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A year ago: Processor roadmap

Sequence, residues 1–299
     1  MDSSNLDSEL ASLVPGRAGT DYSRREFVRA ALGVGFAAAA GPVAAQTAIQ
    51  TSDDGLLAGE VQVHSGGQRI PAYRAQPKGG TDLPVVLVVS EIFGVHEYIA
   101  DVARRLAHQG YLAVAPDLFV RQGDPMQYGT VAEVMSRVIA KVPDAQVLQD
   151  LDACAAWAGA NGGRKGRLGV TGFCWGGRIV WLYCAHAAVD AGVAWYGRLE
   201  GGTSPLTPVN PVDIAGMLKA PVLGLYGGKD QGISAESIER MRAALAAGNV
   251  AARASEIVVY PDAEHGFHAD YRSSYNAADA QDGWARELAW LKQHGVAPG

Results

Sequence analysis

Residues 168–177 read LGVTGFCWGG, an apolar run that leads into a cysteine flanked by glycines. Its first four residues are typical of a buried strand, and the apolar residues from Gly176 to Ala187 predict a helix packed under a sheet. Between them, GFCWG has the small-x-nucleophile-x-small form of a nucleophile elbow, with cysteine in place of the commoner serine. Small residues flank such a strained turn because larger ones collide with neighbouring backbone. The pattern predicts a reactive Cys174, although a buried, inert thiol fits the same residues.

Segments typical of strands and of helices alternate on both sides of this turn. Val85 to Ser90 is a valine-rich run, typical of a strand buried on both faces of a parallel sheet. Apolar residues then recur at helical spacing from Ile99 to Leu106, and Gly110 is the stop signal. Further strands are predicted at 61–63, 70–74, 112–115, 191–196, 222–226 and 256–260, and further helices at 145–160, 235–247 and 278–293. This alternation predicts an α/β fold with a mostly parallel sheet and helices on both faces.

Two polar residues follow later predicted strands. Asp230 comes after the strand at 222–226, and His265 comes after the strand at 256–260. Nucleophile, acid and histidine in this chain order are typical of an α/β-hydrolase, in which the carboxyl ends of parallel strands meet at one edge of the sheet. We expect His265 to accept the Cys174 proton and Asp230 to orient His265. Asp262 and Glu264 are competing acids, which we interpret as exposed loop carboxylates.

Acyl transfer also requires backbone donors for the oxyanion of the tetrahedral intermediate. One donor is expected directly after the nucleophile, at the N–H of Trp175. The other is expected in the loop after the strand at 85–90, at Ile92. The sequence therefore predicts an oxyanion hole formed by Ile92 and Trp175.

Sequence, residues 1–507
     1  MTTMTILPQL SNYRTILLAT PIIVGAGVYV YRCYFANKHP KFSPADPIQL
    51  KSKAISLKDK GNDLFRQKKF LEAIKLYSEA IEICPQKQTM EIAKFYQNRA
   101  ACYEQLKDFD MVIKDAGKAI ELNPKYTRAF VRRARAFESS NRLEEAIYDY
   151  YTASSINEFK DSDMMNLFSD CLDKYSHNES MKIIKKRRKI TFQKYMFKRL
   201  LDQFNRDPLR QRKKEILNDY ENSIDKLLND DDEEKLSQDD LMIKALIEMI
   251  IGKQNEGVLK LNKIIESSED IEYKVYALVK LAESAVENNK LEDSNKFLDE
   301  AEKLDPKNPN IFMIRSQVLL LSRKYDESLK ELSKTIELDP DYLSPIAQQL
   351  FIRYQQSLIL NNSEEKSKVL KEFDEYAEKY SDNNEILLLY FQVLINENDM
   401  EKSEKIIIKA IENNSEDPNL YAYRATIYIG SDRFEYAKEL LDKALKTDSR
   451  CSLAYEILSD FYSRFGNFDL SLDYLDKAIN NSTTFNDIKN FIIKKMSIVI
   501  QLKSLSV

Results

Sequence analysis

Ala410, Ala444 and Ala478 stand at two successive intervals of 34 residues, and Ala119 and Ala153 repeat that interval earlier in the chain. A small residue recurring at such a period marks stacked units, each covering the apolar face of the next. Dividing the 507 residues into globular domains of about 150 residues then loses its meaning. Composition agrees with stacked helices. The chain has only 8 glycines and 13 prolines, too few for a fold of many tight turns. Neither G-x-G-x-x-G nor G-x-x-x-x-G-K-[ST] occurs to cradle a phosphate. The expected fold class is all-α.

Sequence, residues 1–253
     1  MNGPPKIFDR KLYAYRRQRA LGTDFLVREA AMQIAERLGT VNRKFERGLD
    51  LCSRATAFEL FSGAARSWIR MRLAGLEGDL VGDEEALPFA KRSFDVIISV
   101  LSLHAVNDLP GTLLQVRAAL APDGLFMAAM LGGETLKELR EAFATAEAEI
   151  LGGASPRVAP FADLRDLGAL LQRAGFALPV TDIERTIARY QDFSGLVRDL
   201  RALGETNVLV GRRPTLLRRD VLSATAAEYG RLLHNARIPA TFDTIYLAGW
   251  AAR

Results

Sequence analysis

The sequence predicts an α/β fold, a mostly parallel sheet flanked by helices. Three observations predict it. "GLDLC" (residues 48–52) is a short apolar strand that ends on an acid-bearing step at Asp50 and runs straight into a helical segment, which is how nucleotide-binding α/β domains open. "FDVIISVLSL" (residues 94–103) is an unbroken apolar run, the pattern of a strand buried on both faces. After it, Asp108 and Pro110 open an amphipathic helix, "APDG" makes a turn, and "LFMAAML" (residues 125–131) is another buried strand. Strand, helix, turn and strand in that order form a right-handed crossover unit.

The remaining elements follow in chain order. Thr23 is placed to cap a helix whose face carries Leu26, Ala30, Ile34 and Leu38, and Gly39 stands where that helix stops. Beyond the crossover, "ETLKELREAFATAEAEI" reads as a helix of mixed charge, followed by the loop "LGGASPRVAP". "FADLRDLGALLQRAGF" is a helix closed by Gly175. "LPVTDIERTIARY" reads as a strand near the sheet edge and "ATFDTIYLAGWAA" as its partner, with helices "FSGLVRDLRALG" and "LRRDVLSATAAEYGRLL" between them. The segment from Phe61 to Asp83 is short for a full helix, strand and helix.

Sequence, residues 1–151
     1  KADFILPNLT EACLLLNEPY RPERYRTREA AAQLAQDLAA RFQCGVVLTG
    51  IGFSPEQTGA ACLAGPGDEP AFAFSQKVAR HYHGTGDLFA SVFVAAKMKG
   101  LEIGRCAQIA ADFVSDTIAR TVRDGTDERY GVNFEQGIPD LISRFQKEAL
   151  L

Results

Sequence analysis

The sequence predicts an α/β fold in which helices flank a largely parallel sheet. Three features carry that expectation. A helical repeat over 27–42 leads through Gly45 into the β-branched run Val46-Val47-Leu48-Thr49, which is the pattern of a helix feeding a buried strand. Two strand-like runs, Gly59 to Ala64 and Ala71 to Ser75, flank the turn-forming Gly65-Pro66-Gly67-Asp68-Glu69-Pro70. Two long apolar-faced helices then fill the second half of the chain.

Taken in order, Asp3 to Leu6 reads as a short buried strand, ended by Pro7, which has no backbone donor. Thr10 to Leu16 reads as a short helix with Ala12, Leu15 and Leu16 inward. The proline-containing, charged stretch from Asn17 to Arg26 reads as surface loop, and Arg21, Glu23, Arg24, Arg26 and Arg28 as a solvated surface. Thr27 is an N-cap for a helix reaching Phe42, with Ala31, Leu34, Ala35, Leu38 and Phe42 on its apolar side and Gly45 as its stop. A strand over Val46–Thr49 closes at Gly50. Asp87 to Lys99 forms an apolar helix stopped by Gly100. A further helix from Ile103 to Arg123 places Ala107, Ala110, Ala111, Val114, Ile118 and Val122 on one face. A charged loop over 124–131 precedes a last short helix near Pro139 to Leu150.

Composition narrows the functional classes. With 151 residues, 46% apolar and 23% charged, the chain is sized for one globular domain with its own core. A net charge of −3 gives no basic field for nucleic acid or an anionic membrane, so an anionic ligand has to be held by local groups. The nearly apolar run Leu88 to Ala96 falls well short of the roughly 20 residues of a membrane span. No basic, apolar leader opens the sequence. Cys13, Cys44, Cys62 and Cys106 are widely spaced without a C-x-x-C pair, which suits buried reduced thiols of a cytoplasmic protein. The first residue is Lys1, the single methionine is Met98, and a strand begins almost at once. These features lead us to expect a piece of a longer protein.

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There's never been more choice for system builders or assemblers than now. Two years ago, Intel effectively ruled the micropressor roost and that meant that whether you liked it or not, you were forced to take both yourself and your customers down their way. The reasons for that were that while both AMD and Cyrix had unveiled their plans for their future strategy, the chips were not out and there was still a lot of consumer resistance to anything which did not bear the Intel name. That's changed. Both industry and senior analysts in the arena now agree that the Cyrix M2 and the AMD K6 match and in some cases, outperform the Intel offerings. The other advantage of using Cyrix and AMD processors is that both these companies are currently actively wooing system integrators. There is also a new entrant into the CPU arena called Centaur, backed by ID, which is promising, and it claims, delivering, a chip suitable for Windows-based machines. But there's no doubt that because of its size and its marketing muscle, Intel still rules the roost, and sets the trend. In January, Intel will substantially cut the prices of its entry-level Pentium II (Klamath) processor, and in so doing paving the way for the demise of Pentium MMX chips and for introducing new technology, still codenamed Deschutes. That will be followed by further price cuts in March/April, which is when the Pentium MMX chips based on Socket 7 designs make their merry way to the microprocessor Gulag. Our information from the deep throats at Intel that we talk to is, however, that the introduction of Slot 2 technology, originally slated for the same time period, is now delayed, probably until the third quarter. However, Deschutes, which uses a .25 micron technology, is still, more or less in time. The introduction of chips based on this higher performance, higher yield design, will mean it is positioned as the high-end, allowing Intel to push the PII as the entry-level. Socket 7, as far as Intel is concerned, is on its way out. But see our separate story on the latest changes to both Deschutes and Slot One. Intel is also preparing a design which will add graphics meat to its Pentium II platform. This technology will introduce extra MMX instructions and, apparently, will be called Pentium III. In 1998, Intel will introduce a number of chips with higher clock speeds and also with what it promises are higher bus rates, giving additional performance and attractive to end users who like sheer horsepower. But, according to AMD, Intel will not have it its own way in 1998. Although demand has exceeded supply for the K6 during 1997, the senior executives at AMD are adamant that they will be able to significantly increase production and are still on target to introduce two brand new processors. Like Intel, AMD is moving to a .25 micron process, allowing it to make more chips from the same wafer, increase performance, and also lower heat consumption. That will allow AMD to make 300MHz, 350MHz and even 400MHz processors, it claims. As this piece is written, it is already sampling a 266MHz K6, which it says will be in production by the end of the year. The two new chips it will introduce next year are the K6 3D and the K6 3D+. The first of these offers signficantly improved graphical performance at the high end and AMD says it has already signed deals with a raft of software developers who are making games for it. It will have a 100MHz graphics bus. The 3D+, which comes much later in the AMD roadmap, will have a large die size but wholly eliminates the need for Level 2 cache, and offers such caching advantages through its 21 million transistors that it is likely to show a large performance gain over anything the company has made before, it claims. Cyrix was acquired by National Semiconductor earlier this year and that is probably good news for the company. NatSemi has such financial reserves that it will be able to back the Cyrix engineers' plans. They, as far as we can gather, are to follow AMD to some extent by producing faster processors which also have large cacheing abilities on board, while at the same time firmly targeting the consumer market with their MediaGX offerings. The new player on the block, Centaur/IDT, is targeting assemblers and system integrators who want to keep their costs down while still being able to perform Windows compatible systems. The company stresses that it is not offering anything other than a fast and very inexpensive Socket 7 based design for Windows. For exaple, while the unit has been tested for compatibility with Windows, Win applications and games, you would be unwise to use this chip for a Unix box. As with both Cyrix and AMD, Centaur is preparing a faster 3D version of its part with large cacheing abilities and also better floating point unit (FPU). That is likely to appear in 1998. Where the Centaur part does score is that it will significantly undercut its competitors on price while being able to ramp up its production fast because IDT, its parent, has excellent fab capabilities. The trick, next year, will be to watch the pricing from Intel carefully. We are reliably informed the Pentium II entry level cuts will be very significant. AMD has the ability to still undercut Intel because of its financial model. The big question for AMD is whether it can sort out its supply/demand problems and make enough parts to satisfy the hungry assembler market. ®

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